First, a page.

Volume 425, Number 3, October III 2004
|Page(s)||997 - 1008|
|Section||Stellar structure and evolution|
|Published online||28 September 2004|
III. 21 new companions to nearby dwarfs, discovered with adaptive optics
Observatoire de Grenoble, Université J. Fourier, BP 53, 38041 Grenoble, France
2 Canada-France-Hawaii Telescope Corporation, 65-1238 Mamalahoa Highway, Kamuela, HI 96743, Hawaii, USA e-mail: firstname.lastname@example.org
3 Observatoire de Genève, 1290 Sauverny, Switzerland
4 Instituto de Astrofisica de Canarias 38200 La Laguna, Tenerife, Canary Islands, Spain
5 Now at, Gemini Observatory, Southern Operations Center, c/o AURA Inc., Casilla 603, La Serena, Chile
6 Institute for Astronomy, University of Hawaii, 2680 Woodlawn Drive, Honolulu, HI 96822, Hawaii, USA
Accepted: 26 May 2004
We present some results of a CFHT adaptive optics search for companions to nearby dwarfs. We identify 21 new components in solar neighbourhood systems, of which 13 were found while surveying a volume-limited sample of M dwarfs within 12 pc. We are obtaining complete observations for this subsample, to derive unbiased multiplicity statistics for the very-low-mass disk population. Additionally, we resolve for the first time 6 known spectroscopic or astrometric binaries, for a total of 27 newly resolved companions. A significant fraction of the new binaries has favourable parameters for accurate mass determinations. The newly resolved companion of Gl 120.1C was thought to have a spectroscopic minimum mass in the brown-dwarf range (Duquennoy & Mayor [CITE]), and it contributed to the statistical evidence that a few percent of solar-type stars might have close-in brown-dwarf companions. We find that Gl 120.1C actually is an unrecognised double-lined spectroscopic pair. Its radial-velocity amplitude had therefore been strongly underestimated by Duquennoy & Mayor ([CITE]), and it does not truly belong to their sample of single-lined systems with minimum spectroscopic mass below the substellar limit. We also present the first direct detection of Gl 494B, an astrometric brown-dwarf candidate. Its luminosity straddles the substellar limit, and it is a brown dwarf if its age is less than ~300 Myr. A few more years of observations will ascertain its mass and status from first principles.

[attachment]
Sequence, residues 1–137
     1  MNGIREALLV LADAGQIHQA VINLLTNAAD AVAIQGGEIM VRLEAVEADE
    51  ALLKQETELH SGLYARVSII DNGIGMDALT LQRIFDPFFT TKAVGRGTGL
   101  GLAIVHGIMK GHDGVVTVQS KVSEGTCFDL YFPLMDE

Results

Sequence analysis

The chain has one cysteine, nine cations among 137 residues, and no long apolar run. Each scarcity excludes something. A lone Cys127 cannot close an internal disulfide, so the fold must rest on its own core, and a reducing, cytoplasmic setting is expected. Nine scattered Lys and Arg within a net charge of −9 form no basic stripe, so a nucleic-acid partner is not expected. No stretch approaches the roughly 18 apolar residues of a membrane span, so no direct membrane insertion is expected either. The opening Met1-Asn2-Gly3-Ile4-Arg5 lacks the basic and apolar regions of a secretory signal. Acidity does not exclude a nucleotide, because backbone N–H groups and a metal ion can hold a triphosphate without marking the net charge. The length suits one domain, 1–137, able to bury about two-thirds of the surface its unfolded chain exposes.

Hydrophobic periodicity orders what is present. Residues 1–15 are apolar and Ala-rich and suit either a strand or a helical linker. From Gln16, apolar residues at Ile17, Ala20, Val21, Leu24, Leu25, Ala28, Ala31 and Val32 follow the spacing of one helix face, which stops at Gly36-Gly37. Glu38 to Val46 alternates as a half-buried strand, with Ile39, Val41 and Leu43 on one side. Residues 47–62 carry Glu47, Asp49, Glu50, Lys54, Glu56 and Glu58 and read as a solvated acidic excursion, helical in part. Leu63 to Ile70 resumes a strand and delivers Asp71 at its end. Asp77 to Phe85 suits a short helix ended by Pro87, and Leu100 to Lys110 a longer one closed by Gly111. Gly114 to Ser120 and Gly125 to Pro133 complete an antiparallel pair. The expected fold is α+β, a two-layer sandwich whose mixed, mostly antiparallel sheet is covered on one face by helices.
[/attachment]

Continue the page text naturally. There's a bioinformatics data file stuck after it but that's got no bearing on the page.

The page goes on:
Key words: stars: binaries: general / stars: low-mass, brown dwarfs / techniques: miscellaneous
Based on observations made at Canada-France-Hawaii Telescope, operated by the National Research Council of Canada, the Centre National de la Recherche Scientifique de France and the University of Hawaii. Some of the data presented herein were obtained at the W. M. Keck Observatory, which is operated as a scientific partnership among the California Institute of Technology, the University of California and the National Aeronautics and Space Administration. The Observatory was made possible by the generous financial support of the W. M. Keck Foundation.
© ESO, 2004
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